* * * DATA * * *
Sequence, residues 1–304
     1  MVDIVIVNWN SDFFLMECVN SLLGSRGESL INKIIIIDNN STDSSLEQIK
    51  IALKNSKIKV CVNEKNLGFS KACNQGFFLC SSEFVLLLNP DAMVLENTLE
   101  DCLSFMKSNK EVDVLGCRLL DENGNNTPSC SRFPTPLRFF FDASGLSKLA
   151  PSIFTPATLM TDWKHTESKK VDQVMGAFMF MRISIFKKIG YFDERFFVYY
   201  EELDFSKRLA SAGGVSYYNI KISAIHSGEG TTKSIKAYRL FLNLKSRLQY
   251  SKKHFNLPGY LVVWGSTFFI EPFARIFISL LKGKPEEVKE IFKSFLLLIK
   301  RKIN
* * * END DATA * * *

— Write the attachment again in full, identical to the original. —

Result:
Sequence, residues 1–304
     1  MVDIVIVNWN SDFFLMECVN SLLGSRGESL INKIIIIDNN STDSSLEQIK
    51  IALKNSKIKV CVNEKNLGFS KACNQGFFLC SSEFVLLLNP DAMVLENTLE
   101  DCLSFMKSNK EVDVLGCRLL DENGNNTPSC SRFPTPLRFF FDASGLSKLA
   151  PSIFTPATLM TDWKHTESKK VDQVMGAFMF MRISIFKKIG YFDERFFVYY
   201  EELDFSKRLA SAGGVSYYNI KISAIHSGEG TTKSIKAYRL FLNLKSRLQY
   251  SKKHFNLPGY LVVWGSTFFI EPFARIFISL LKGKPEEVKE IFKSFLLLIK
   301  RKIN